It is your responsibility to understand what constitutes academic dishonesty. For information on the various types of academic dishonesty please refer to the Academic Integrity Policy, located at

The following illustrates only three forms of academic dishonesty:

  1. Plagiarism, e.g. the submission of work that is not one’s own or for which other credit has been obtained.
  2. Improper collaboration in group work.
  3. Copying or using unauthorized aids in tests and examinations.

Email correspondence policy

It is the policy of the Faculty of Humanities that all email communication sent from students to instructors (including TAs), and from students to staff, must originate from each student’s own McMaster University email account. This policy protects confidentiality and confirms the identity of the student.  Instructors will delete emails that do not originate from a McMaster email account.

Modification of course outlines

The University reserves the right to change dates and/or deadlines etc. for any or all courses in the case of an emergency situation or labour disruption or civil unrest/disobedience, etc. If a modification becomes necessary, reasonable notice and communication with the students will be given with an explanation and the opportunity to comment on changes. Any significant changes should be made in consultation with the Department Chair.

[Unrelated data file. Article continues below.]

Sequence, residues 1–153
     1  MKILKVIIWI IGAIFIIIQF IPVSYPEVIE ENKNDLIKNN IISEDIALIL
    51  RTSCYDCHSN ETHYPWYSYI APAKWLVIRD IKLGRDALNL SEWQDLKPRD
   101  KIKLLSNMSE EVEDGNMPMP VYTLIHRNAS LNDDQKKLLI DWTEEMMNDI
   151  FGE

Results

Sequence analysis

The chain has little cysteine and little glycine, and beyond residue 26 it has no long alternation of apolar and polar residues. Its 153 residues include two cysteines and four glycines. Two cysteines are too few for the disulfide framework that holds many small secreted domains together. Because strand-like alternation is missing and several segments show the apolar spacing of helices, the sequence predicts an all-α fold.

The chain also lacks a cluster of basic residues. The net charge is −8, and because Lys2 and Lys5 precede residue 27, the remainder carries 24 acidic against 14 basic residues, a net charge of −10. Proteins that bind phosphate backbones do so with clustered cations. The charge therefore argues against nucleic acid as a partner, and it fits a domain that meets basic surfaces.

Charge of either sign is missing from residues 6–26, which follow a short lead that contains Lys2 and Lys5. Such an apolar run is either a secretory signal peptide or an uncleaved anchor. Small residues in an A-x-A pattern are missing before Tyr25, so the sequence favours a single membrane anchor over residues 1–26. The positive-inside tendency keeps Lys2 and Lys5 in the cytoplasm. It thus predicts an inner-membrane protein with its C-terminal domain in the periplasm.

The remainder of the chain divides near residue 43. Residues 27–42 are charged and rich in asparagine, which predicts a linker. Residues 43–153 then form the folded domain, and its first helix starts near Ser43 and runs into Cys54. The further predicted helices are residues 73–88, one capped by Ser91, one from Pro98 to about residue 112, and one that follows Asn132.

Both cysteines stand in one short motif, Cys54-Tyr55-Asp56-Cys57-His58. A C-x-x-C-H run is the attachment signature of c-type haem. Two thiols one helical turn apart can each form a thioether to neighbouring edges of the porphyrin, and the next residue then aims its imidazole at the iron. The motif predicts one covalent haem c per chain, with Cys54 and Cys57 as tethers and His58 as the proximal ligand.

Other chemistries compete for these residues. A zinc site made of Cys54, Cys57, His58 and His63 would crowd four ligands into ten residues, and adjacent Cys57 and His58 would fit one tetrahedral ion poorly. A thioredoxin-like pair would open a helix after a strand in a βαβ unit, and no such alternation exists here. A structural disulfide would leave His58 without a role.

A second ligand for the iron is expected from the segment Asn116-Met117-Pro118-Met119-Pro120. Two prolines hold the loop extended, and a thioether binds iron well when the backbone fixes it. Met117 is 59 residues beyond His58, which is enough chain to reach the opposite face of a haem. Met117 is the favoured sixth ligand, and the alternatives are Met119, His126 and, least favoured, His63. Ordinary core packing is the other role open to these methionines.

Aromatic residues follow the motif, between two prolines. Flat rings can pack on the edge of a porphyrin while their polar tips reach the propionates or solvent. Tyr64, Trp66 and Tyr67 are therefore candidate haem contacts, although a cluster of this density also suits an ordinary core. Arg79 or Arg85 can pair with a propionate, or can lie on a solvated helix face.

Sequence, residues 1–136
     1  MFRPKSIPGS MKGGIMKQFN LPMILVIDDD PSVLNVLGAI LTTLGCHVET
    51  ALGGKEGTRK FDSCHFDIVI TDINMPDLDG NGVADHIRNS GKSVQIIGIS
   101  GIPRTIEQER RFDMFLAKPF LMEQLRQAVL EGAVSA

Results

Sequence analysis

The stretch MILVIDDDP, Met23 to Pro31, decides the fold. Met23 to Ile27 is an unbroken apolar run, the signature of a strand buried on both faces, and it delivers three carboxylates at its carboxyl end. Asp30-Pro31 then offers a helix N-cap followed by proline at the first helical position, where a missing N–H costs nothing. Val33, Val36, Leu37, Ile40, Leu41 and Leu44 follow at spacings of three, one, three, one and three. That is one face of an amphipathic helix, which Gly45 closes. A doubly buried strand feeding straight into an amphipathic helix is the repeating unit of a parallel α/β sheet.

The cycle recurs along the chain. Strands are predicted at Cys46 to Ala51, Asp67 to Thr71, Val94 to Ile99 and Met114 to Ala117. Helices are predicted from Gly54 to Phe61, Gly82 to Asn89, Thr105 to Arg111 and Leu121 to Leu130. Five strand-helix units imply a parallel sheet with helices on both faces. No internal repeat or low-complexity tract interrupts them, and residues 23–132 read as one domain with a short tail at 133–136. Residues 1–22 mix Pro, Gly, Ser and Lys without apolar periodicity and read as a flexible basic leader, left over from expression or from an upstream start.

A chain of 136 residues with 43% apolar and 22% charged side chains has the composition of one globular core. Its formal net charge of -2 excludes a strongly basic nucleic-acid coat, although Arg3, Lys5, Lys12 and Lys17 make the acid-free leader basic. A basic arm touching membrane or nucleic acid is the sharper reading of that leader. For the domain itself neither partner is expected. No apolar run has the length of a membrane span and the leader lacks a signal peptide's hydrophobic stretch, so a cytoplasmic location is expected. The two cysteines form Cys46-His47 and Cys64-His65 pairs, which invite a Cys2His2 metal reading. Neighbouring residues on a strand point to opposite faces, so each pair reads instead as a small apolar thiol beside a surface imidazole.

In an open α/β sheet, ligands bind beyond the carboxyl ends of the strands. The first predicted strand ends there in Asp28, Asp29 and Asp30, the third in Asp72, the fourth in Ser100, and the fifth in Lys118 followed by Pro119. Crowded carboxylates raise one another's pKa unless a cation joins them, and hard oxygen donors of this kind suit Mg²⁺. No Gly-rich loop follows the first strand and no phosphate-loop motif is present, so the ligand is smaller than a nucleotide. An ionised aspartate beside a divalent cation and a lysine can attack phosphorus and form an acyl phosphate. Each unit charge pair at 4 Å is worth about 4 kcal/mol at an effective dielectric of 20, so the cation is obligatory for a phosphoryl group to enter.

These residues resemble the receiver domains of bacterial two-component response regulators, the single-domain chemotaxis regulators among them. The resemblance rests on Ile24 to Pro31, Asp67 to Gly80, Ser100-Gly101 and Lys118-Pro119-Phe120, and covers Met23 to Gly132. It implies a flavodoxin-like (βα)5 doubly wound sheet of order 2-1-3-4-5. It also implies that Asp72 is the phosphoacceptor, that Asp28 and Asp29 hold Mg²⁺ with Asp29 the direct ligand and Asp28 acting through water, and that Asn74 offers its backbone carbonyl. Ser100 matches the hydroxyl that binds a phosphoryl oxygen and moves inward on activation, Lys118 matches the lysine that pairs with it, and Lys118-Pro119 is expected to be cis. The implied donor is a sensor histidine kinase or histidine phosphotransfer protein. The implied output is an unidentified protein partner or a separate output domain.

McMaster Student Absence Form (MSAF)

In the event of an absence for medical or other reasons, students should review and follow the Academic Regulation in the Undergraduate Calendar Requests for Relief for Missed Academic Term Work. Please note these regulations have changed beginning Fall 2015. You can find information at If you have any questions about the MSAF, please contact your Associate Dean's office.

Academic Accommodation of Students with Disabilities

Students who require academic accommodation must contact Student Accessibility Services (SAS) to make arrangements with a Program Coordinator. Academic accommodations must be arranged for each term of study. Student Accessibility Services can be contacted by phone 905-525-9140 ext. 28652 or e-mail For further information, consult McMaster University's Policy for Academic Accommodation of Students with Disabilities.

Academic Accommodation for Religious, Indigenous and Spiritual Observances

Students requiring academic accommodation based on religion and spiritual observances should follow the procedures set out in the Course Calendar or by their respective Faculty. In most cases, the student should contact his or her professor or academic advisor as soon as possible to arrange accommodations for classes, assignments, tests and examinations that might be affected by a religious holiday or spiritual observance.

Topics and Readings:

Lecture Schedule 

September 5:     Course Introduction.  

September 6:     Introduction to Emily Carr and her paintings

September 12:   Klee Wyck: “Ucluelet,”

September 13:   Klee Wyck: “Skedans” “Sophie,” “Greenville”     

September 19:   Klee Wyck: “Friends,” “Century Time,” “Kitwancool”

September 20:   World War One Poetry

September 21:   World War One Poetry

September 27:   Generals Die in Bed

September 28:   Generals Die in Bed

October 3:         Generals Die in Bed      

October 4:         George Orwell: Introduction  

October 8-14:    Mid-term recess

October 17:       Animal Farm

October 18:       Animal Farm

October 25:       Theatre of the Absurd and introduction to “Endgame”

October 31:       “Endgame”

November 7:     “Endgame”

November 8:     Apartheid and July’s People

November 14:    July’s People

November 15:    July’s People

November 21:    Joy Kogawa poetry

November 22:    Obasan

November 28:    Obasan

November 29:    Obasan

December 5:      Wrap-up, Review